What you might not see is the article about what an end to the Common Agriculture Policy (CAP) could mean for Wales in the latest Natur Cymru. It’s worth finding a copy because it’s a fascinating read.

The magazine’s editor James Robertson is a farmer himself and argues that taxpayers’ money should go to farmers who are delivering public benefits, but not to ‘commodity’ farmers.It could bepaying recipients to do things like reducing flood risk, capturing carbon and encouraging wildlife.

Of course, we’ve heard that elsewhere, but he also has interesting things to say about the politics of agriculture.

Being paid to manage land would be an attractive option for many struggling farmers across Wales, he argues, but that they are unlikely to be heard. He predicts that what we will hear – loud and clear – is the megaphone voice of a minority, the commidity producers whose interests are championed by the farming unions.

Brexit’s threat to the lie of the land

All those castles rather give the game away, don’t they? When William the Conqueror’s friends and relations wound up in Wales they weren’t coming to enjoy the view.

Now you may be wondering why I’m on about the robber barons of another millennium, but bear with me. Today, we learned who is currently getting the best out of the CAP payments system.cilgerran

Huge sums of money go to landowners largely for doing not much more than owning land. Apparently, the top 100 shared no less than £89m.

The lucky 100 are a mixed bag, but its no surprise that ‘old’ families seem to do very well from this hand-out. A couple of years ago two economists looked at how surnames relate to wealth, and it turned out that people with Norman names are still doing better than the rest of us centuries after their ancestors’ land grab.

On the whole, a Baskerville, Darcy or Mandeville is likely to be better-off than a Bowen, a Davies or a Morris. No surprise then that as you look down the list of those getting the biggest slice of the farm subsidy cake there are plenty of dukes, earls and the like.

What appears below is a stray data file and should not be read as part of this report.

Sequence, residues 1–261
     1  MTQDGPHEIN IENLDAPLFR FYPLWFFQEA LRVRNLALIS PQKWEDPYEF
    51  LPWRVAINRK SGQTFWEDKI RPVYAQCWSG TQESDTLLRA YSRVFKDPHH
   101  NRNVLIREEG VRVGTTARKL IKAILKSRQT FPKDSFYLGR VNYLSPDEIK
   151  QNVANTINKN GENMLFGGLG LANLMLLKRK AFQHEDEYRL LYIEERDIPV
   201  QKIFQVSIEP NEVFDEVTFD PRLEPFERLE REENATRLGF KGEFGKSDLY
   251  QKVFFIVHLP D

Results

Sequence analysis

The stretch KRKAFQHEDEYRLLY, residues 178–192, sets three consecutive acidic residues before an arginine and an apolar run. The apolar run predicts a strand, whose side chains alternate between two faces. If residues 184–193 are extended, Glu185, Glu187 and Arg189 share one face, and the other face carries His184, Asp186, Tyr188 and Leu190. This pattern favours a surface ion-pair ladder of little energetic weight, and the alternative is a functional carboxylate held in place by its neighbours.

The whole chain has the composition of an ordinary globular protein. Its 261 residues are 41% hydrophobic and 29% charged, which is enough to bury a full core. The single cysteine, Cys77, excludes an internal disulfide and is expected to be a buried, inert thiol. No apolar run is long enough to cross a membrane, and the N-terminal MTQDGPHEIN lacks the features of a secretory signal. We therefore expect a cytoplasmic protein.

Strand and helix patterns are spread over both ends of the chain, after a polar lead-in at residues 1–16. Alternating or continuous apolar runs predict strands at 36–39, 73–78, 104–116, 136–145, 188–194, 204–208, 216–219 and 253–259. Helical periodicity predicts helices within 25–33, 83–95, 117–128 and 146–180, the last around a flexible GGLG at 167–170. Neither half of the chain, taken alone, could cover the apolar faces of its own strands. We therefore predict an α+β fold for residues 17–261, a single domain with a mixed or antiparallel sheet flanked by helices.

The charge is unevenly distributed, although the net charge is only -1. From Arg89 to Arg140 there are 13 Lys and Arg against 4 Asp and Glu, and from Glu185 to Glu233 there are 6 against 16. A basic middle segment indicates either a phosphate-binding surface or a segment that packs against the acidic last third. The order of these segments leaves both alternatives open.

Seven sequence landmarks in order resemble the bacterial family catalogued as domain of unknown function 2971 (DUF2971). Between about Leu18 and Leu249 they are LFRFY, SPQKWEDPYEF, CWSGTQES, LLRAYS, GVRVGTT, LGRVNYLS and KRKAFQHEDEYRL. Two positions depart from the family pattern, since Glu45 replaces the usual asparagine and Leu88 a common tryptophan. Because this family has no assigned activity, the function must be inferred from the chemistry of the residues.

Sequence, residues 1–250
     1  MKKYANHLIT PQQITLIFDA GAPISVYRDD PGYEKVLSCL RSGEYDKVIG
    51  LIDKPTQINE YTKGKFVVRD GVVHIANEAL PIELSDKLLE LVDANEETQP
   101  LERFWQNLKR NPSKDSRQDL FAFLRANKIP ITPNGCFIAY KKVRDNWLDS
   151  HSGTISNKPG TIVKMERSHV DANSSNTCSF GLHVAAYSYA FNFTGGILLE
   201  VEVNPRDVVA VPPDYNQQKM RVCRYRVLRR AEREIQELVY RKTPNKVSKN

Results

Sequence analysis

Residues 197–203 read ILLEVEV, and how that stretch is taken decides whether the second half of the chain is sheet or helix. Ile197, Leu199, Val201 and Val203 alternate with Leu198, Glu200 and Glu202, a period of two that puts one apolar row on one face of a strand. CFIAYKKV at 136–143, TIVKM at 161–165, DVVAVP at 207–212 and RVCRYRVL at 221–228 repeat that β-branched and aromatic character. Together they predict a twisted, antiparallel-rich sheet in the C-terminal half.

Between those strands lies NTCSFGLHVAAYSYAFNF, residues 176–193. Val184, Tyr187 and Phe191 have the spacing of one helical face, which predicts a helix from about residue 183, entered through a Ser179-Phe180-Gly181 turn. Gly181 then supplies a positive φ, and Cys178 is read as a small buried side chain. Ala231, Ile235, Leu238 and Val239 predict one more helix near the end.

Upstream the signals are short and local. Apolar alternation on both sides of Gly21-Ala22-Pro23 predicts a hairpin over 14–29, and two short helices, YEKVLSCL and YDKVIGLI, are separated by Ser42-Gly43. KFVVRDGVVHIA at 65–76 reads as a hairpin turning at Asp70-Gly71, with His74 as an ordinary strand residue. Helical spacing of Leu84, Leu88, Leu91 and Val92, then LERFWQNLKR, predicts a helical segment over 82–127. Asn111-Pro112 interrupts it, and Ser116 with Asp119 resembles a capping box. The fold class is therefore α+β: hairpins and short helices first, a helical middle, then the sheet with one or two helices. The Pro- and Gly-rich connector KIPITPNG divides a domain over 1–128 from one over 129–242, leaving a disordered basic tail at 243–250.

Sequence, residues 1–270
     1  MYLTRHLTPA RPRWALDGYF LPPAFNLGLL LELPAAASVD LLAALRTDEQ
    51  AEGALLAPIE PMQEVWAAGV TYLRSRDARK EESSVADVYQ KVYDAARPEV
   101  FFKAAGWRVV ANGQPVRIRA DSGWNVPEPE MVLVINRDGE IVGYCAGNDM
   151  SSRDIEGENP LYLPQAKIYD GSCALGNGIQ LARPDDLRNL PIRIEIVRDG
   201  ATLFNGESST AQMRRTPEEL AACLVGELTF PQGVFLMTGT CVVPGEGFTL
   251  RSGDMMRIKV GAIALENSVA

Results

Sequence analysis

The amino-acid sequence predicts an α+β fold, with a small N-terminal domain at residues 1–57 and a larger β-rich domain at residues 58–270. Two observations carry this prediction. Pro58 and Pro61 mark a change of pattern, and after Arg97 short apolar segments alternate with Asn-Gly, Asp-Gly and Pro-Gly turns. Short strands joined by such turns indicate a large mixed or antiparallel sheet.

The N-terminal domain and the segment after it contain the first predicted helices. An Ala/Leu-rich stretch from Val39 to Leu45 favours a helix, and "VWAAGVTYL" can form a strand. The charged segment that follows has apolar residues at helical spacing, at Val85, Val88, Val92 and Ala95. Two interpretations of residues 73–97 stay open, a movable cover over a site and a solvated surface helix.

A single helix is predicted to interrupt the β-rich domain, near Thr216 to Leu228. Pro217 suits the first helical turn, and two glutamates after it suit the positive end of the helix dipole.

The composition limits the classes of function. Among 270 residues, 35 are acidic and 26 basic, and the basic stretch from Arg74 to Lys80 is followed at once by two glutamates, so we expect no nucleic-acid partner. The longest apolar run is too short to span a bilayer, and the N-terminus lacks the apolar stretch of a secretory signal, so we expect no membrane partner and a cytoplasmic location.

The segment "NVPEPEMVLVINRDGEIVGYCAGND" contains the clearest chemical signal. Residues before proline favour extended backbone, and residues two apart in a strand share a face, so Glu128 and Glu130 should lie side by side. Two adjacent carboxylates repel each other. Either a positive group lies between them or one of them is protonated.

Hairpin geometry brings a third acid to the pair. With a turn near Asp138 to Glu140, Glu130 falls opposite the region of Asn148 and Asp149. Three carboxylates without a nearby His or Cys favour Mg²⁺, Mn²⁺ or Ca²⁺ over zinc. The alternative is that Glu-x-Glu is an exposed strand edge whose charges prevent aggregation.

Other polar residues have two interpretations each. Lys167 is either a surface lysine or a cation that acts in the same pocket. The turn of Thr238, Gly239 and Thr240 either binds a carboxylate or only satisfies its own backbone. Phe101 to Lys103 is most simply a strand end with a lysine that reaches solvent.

Take the Duke of Westminster, whose distant ancestor was William I’s chief huntsman. Many generations later the current duke’s farming company chases subsidy, winning a handsome £437,434 in the latest hand-out.

You can find out how much your neighbours have had in recent years by visiting the website of the body that co-ordinates UK payments. It lets you put in a postcode and then up comes names and numbers, so I now know that in my postcode area alone 70 recipients share no less than £1.2m.

Brexit means Brexit, and it also means that this sorry system has to change. The situation was summed up nicely this morning on Radio 4’s Today programme by the BBC’s environment analyst Roger Harrabin. If you weren’t up before 7am you can catch up with it here on the BBC website (fast forward to about 35:00).

In a few mintues of chat he takes you from the wine lakes and butter moutains of the 1970s to the current (crazy) arrangement, which sees landowners get paid by the acre. He also explains how that has pushed up land values, which prices many wannabe farmers out of the market.

Of course, things are going to change with Brexit. And optimists look to a future that serves the majority of people far better; for example, George Monbiot says we can bring an end to what he calls the ‘unembarrassed robbery of the poor by the rich’.

It would be nice to think it could happen. I’ll be keeping my fingers crossed – but maybe not holding my breath. The current arrangement is a system that has served people who have know exactly when to pull up the drawbridge.